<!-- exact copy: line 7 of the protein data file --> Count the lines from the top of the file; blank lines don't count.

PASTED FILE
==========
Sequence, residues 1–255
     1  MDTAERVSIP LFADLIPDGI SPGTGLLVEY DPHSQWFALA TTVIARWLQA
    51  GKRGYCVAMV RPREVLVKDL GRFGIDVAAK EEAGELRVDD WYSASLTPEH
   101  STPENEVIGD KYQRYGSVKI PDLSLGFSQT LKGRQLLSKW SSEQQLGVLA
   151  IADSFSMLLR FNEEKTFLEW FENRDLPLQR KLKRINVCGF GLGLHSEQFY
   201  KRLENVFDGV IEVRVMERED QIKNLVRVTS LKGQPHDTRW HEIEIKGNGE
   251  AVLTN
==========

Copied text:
   251  AVLTN